In Search of a Pattern Language for SOA Intrinsic Interoperability

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Any Good Pattern Language should be based on a well defined set of primitives (i.e. basic building blocks). Architectures and Design Patterns (referred in the GOF book as micro-architectures) require a clear definition of constraints to be of any real value. Roy Fielding when defines ReST in the context of constraints. In stark contrast, most SOA definitions that one can find, including the OASIS standard definition, fails to define the architectural constraints.

In previous posts I have formulated a set of attributes that provide the definition of Services. I further refined those to this current definition:

A Service Oriented approach satisfies the following:

  1. Decomposability – The approach helps in the task of decomposing a business problem into a small number of less complex subproblems, connected by a simple structure, and independent enough to allow further work to proceed independently on each item.
  2. Composability – The approach favors the production of Services which may then be freely combined with each other and produce new systems, possibly in an environment quite different from the one in which they were initially developed.
  3. Understandability – The approach helps produce software which a human reader can understand each Service without having to know the others, or, at worst, by having to examine only a few of the others.
  4. Continuity – The approach yields a software architecture that a small change in the problem specification will trigger a change of just one Service, or a small number of Services.
  5. Protection – The approach yields a software architecture in which the effect of an abnormal condition occurring at run time in a Service will remain confined to that Service, or at worst will only propagate to a few neighboring Services.
  6. Introspection – The approach yields an architecture that supports the search and inspection of data about Services (i.e. Service Meta-data).
  7. Remoteability – The approach yields an architecture that enables Service interaction between other Service that reside in separate physical environments.
  8. Asynchronicity – The approach yield an architecture that does not require an immediate response from a Service interaction. In other words, it assumes that latency exists in either the network or the invoked Service.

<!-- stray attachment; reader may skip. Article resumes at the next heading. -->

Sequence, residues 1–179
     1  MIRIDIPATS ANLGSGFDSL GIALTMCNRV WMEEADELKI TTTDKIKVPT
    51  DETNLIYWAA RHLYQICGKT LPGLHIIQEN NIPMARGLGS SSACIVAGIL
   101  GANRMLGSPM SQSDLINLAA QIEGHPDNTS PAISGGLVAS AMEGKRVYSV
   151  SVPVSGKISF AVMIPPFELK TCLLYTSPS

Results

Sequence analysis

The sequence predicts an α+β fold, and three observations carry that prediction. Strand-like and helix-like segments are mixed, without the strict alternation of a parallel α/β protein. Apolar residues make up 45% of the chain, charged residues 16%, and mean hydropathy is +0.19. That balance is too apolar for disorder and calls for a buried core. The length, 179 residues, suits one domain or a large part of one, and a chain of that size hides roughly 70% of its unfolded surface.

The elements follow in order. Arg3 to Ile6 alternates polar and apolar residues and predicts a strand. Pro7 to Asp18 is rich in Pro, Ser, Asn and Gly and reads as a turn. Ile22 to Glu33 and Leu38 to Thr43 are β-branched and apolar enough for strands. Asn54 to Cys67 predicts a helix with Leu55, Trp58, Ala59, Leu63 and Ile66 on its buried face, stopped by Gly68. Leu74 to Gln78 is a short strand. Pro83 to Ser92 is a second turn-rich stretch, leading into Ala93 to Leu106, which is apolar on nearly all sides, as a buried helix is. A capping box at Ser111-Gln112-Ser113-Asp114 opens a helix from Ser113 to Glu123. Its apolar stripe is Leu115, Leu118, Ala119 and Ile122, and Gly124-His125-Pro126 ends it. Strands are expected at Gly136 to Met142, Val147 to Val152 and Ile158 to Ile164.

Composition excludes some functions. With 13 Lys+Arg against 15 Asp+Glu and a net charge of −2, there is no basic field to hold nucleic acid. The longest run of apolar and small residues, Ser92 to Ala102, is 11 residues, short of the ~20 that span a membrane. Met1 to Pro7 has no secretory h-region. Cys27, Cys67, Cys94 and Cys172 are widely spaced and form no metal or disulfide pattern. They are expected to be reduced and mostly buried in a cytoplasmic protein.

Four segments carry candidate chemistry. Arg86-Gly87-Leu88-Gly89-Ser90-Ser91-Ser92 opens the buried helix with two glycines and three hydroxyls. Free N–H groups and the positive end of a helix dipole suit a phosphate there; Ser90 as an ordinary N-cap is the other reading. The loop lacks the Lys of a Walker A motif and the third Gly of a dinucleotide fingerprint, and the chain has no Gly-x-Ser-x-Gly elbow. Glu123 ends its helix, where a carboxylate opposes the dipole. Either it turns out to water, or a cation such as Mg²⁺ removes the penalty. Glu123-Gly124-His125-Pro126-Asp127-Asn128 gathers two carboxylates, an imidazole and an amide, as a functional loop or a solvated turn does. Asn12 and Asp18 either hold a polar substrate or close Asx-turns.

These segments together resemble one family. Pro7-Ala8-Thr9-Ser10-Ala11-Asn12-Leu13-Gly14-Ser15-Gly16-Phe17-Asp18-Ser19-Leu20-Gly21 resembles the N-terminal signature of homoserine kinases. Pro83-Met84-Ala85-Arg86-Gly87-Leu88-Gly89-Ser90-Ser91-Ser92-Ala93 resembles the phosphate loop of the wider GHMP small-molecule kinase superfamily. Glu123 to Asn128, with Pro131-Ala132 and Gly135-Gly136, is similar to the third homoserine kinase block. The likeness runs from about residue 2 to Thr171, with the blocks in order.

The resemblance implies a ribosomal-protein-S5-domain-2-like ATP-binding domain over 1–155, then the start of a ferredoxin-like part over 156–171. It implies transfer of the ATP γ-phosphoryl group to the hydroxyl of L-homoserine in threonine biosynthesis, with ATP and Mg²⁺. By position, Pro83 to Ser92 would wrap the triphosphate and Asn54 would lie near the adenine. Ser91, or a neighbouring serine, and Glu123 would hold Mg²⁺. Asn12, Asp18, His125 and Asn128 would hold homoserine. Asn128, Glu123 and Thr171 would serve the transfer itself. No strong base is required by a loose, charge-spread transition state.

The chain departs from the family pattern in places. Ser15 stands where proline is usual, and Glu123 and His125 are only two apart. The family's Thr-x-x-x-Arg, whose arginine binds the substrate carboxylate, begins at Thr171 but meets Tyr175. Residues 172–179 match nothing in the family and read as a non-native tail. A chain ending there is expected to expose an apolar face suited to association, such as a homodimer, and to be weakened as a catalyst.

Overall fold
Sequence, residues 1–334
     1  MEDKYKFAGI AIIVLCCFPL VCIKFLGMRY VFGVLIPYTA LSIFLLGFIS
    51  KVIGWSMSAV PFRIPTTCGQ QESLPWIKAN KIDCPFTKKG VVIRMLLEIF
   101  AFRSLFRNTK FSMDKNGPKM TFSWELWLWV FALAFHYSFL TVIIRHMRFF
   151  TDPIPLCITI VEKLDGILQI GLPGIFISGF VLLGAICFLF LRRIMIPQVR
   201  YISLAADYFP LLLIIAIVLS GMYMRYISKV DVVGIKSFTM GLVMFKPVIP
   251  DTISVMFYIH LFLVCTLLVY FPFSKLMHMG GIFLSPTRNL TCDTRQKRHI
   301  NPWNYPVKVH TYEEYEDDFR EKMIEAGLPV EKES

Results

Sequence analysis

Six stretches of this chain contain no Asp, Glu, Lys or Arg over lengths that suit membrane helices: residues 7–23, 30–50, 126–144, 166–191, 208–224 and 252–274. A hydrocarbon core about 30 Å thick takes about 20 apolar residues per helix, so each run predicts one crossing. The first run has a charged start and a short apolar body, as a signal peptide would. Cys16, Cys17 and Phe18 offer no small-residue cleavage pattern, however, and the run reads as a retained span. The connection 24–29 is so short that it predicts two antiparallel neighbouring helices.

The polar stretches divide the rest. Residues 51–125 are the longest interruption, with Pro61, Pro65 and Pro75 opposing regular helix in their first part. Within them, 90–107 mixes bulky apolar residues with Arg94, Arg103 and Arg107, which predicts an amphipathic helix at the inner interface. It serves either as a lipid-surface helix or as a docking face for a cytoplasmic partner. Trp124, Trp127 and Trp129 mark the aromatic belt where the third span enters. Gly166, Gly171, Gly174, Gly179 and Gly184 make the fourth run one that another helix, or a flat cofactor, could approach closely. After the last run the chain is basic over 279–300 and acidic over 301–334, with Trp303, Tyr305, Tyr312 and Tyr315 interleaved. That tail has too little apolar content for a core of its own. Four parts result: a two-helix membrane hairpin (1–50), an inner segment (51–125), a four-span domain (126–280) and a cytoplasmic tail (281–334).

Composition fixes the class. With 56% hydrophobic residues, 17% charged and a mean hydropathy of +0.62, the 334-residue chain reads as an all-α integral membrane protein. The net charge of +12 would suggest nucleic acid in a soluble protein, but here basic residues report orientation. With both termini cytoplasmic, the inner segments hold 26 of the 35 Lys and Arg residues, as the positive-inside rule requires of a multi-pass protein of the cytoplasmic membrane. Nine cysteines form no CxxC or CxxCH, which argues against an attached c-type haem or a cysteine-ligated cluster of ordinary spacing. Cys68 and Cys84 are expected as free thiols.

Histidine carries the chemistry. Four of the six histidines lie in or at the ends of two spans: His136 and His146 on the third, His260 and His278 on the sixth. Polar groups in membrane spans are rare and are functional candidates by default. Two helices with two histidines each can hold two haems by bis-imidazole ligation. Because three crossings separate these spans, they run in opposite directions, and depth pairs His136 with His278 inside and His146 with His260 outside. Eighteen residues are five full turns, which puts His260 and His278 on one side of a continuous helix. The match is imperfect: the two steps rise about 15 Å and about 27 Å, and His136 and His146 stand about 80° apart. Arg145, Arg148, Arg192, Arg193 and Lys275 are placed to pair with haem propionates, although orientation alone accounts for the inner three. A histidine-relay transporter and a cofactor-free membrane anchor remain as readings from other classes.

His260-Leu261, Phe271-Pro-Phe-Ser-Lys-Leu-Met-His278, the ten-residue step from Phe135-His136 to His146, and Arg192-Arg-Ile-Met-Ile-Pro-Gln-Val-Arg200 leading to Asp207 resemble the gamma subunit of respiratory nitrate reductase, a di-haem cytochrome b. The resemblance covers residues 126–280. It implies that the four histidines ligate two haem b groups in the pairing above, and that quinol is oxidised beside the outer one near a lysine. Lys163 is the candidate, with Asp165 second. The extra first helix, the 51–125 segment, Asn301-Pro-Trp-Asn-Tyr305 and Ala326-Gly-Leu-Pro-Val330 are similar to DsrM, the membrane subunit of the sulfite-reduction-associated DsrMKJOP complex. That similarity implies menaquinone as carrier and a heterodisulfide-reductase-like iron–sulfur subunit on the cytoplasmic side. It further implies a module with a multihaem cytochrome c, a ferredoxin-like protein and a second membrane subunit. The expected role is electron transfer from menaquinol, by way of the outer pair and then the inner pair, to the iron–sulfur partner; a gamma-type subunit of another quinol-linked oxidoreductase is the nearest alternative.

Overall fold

9. Document Orientedness – The approach yields an architecture where the messages sent Service to Service interaction are explicitly defined, shared and that there is no implicit state sharing between interactions.
  10. Decentralized Administration – The approach yields an architecture that does not assume a single administrator for all Services.

This is an extended definition of Bertand Meyer’s definition of Modularity. You can look at my previous post entitled “SOA and Modularity” to see how this compares with other definitions of SOA.

Now if we were to consult the “SOA Manifesto” and its value system then we could derive the following goal: “We believe in building modular systems through intrinsic interoperability and evolutionary refinement to achieve business value and satisfy strategic goals”. The key ingredient in this statement that is left ambiguous is “Intrinsic Interoperability”. The key question for anyone employing SOA is to understand how to achieve “Intrinsic Interoperability”. Modularity and Evolutionary Refinement are well understood principles, Intrinsic Interoperability is not. One may have the belief that interoperability can be achieved by simply mandating a global standard. This can work in theory, however rarely ever does in practice. Centralized planning is rarely a scalable approach, evolutionary refinement in fact demands a decentralized approach. The question one needs to ponder is how can I build interoperable systems employing a decentralize approach. In the literature I have surveyed I have yet to find a cohesive treatment on how this can be done.

Over the past decade many Design Patterns have been proposed to address many of the concerns that are introduced with in a Service Oriented Architecture. The most notable collections have been following:

I’ve taken the trouble to comb through these patterns and to identify which ones lead to improved intrinsic interoperability. One of the challenges in developing a pattern language is the creation of a categorization that covers the entire collection.

Service Identification Patterns

  • Dynamic Discovery – When a Service joins a network it might not have any knowledge about which other Services are available.
  • Absolute Object Reference – The notion of an identifier to a service that can be exchanged by other services and used to invoke the original service is a key ingredient for Service mobility.
  • Lookup – A Service is selected based on the query of Services in a directory. Provides an additional layer of indirection in identifying services.
  • Referral – A Service is selected based on the consultation of a Services. The difference with the previous is that another service is responsible for making the selection.
  • Proxy – A service communicates with another service that id does not have the identity of or is unreachabable.